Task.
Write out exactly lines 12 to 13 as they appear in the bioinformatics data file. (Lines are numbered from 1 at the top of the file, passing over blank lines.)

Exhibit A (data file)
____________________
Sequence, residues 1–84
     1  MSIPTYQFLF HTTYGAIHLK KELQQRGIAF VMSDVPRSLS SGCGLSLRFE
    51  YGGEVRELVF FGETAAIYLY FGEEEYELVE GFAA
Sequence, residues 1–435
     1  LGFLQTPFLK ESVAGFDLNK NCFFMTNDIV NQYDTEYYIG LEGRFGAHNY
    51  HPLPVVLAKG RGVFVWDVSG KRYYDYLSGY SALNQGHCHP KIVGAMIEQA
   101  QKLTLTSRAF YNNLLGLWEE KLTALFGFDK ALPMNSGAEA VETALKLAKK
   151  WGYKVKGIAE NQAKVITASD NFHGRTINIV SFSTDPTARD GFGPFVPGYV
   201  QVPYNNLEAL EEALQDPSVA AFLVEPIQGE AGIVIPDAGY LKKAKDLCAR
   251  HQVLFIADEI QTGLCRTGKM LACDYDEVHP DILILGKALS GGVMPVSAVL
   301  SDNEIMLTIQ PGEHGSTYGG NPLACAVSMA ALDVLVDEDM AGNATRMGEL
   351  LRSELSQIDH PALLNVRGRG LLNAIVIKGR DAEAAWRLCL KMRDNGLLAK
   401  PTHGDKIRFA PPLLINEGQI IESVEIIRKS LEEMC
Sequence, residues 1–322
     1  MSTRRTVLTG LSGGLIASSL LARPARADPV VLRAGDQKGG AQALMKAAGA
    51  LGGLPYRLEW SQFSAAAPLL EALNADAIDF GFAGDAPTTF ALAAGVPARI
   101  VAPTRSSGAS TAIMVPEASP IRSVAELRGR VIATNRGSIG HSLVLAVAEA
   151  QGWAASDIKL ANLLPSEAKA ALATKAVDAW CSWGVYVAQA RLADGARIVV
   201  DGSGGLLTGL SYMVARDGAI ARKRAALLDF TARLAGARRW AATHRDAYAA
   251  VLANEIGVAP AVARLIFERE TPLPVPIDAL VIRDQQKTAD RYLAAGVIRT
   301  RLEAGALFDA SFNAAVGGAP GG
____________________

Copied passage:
   351  LRSELSQIDH PALLNVRGRG LLNAIVIKGR DAEAAWRLCL KMRDNGLLAK
   401  PTHGDKIRFA PPLLINEGQI IESVEIIRKS LEEMC